Perkins and Craig Form Research Partnership
PROFESSOR OF SOCIOLOGY H. WESLEY PERKINS AND PROFESSOR OF CHEMISTRY DAVID CRAIG P'05
Promoting Public Health and Reducing Youth Risk Behaviors
by Cynthia L. McVey
Spend enough time on the second floor of Stern Hall and you'll hear the term 'socio-chemist' bounced around. HWS harbors the first and only socio-chemist in the country – David Craig P'05. A professor of chemistry, Craig's unofficial title of 'sociochemist' is the result of a long partnership with Professor of Sociology H. Wesley Perkins. The two have collaborated for more than 15 years on a number of initiatives surrounding public health promotion and reducing risky behaviors among students.
Perkins' long and successful partnership with Craig began by happenstance, with a discussion about Perkins' earlier work on student drinking while they each ran data in a campus computer lab. "We were talking about how there really was no place in the curriculum where issues surrounding alcohol use in the collegiate population was discussed," explains Craig. "We also thought it would be interesting to simultaneously look at the biochemical and biomedical aspects and examine the sociocultural dimensions of alcohol use, so we created the course 'Alcohol Use and Abuse: Causes and Consequences.'"
Perkins adds, "It was an opportune time on campus for such a partnership in the curriculum. A number of bidisciplinary and multidisciplinary courses were being developed and the Colleges really encouraged and embraced such approaches."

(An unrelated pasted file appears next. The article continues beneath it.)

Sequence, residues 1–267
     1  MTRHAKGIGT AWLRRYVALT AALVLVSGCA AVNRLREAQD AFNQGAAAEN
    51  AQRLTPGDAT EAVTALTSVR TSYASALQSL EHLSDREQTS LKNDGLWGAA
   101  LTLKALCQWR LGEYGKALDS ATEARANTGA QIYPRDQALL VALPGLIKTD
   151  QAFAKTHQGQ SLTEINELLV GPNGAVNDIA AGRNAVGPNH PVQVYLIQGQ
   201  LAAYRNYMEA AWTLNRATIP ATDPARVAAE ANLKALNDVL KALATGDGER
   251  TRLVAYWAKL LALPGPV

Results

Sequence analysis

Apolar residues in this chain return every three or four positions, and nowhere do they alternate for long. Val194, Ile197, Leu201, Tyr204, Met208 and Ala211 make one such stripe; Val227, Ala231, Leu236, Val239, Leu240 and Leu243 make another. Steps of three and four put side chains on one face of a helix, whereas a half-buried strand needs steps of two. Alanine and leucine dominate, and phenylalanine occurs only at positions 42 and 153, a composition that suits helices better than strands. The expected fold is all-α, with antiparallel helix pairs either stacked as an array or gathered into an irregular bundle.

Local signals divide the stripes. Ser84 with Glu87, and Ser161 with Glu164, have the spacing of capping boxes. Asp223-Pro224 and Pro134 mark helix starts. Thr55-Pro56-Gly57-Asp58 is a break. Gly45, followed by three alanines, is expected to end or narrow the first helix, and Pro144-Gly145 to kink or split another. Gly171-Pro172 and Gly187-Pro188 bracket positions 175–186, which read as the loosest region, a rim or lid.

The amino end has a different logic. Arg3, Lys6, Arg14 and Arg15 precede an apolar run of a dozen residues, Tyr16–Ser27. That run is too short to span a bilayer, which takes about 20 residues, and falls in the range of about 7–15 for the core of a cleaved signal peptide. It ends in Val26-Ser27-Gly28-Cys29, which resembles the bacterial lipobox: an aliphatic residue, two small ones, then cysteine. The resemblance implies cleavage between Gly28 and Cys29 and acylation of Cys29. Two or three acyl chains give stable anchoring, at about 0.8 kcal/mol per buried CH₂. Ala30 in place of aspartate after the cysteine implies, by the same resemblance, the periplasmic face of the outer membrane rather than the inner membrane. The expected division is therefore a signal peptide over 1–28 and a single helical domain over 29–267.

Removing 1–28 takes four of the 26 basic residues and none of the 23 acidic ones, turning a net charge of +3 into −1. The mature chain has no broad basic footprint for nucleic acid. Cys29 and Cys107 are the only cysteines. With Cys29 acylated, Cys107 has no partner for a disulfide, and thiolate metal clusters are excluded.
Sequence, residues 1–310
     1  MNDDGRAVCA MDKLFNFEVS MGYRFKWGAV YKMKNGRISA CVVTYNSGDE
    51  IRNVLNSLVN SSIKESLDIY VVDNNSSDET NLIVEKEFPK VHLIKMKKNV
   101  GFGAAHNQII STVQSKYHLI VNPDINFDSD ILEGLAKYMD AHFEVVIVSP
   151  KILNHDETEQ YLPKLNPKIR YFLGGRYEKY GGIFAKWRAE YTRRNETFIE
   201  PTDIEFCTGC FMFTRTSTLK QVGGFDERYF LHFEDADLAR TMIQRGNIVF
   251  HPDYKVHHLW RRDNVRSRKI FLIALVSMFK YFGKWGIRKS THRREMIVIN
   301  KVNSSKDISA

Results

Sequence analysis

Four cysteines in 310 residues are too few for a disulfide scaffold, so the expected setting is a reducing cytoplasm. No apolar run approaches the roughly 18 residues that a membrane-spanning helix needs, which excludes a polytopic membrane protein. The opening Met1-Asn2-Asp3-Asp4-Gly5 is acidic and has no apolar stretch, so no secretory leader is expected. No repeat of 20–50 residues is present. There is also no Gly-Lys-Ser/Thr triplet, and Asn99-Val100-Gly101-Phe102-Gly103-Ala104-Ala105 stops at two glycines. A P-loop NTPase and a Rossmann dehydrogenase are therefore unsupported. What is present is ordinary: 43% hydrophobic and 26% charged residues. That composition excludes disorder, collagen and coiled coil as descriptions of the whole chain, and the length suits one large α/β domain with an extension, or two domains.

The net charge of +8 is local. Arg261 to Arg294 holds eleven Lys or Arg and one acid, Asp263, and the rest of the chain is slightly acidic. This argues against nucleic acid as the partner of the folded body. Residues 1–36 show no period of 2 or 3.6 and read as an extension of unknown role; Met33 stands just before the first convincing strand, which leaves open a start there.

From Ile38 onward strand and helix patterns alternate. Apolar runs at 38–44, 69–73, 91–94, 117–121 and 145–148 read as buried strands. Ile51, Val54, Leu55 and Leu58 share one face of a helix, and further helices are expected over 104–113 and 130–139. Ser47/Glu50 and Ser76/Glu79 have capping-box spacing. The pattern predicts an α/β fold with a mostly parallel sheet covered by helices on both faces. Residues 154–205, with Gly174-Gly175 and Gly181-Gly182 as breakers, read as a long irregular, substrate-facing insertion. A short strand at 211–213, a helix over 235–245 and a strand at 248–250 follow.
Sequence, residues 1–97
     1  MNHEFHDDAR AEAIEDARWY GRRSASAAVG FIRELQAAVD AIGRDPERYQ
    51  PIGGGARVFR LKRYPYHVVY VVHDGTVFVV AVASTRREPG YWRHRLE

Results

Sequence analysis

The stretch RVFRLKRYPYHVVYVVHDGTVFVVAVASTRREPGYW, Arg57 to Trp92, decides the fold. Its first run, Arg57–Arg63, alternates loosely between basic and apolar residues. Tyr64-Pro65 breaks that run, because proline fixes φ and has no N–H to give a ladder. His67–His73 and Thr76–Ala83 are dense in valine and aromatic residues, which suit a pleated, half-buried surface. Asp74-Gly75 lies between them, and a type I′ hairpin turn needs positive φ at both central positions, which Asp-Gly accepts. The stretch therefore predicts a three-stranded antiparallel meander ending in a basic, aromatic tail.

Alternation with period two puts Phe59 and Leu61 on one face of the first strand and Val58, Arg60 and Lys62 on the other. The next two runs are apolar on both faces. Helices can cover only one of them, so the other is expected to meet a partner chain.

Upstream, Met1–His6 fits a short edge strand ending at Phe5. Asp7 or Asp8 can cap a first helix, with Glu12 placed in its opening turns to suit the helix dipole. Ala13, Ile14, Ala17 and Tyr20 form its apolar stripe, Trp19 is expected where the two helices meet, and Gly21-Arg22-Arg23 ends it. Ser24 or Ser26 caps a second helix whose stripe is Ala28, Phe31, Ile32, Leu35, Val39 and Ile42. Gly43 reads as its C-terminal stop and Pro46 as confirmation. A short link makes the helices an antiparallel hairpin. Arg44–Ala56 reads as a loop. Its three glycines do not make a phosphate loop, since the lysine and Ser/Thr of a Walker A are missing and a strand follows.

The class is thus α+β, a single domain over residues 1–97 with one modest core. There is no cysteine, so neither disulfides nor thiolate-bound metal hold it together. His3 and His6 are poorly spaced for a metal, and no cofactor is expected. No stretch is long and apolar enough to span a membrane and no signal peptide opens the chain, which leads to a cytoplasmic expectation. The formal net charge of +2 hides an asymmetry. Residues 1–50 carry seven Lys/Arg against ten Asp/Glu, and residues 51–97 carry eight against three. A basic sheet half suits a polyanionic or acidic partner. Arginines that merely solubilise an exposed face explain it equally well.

Each brought complementary experiences, skills and knowledge to the table. "Wes has the sociocultural dimension of alcohol use and methodology surrounding the research, design and statistical analysis of data, and I have the biomedical/chemical dimension of alcohol use and the skills of computer software design," explains Craig.
"Our partnership has really been cemented not only in the context of teaching, but also in the research and prevention program we've developed," explains Perkins. Both Perkins and Craig direct the Alcohol Education Project (www. AlcoholEducationProject.org) based at Hobart and William Smith, an initiative serving not only HWS students but also universities, colleges and secondary schools throughout the United States and internationally. The Project has received multiple national awards from the U.S. Department of Education.
Their research methodologies and prevention-related work on alcohol abuse now range from large scale population surveys of student drinking attitudes and practices to the delivery of information through computer program software and to late night anonymous breathalyzer testing of blood alcohol concentrations documenting actual patterns and problems of drinking.
As their partnership and bidisciplinary research has evolved, it has helped spur a revolution in the way schools approach unhealthy behaviors. Perkins had been developing the original research and theory for what is now known as the "social norms approach" to promote health and prevent problem behaviors. It is based on the pervasive finding that most people misperceive the healthy norms that really exist as they think it is most typical for peers to engage in problem behavior. This misperception actually causes much of the problem that does exist among students.
Social norms researchers begin by gathering credible data about behavior such as drinking, tobacco use, or other drug use, for example. Then, they intensively communicate the actual healthy norms through media campaigns, interactive programs and other educational venues. Perkins and Craig surveyed students about actual alcohol use and effects (such as missing class, fighting, and impact on relationships) and then implemented an extensive on-campus campaign showing the reality was that, although high-risk drinking is a significant problem, the majority of students are not involved in problem drinking as was commonly perceived.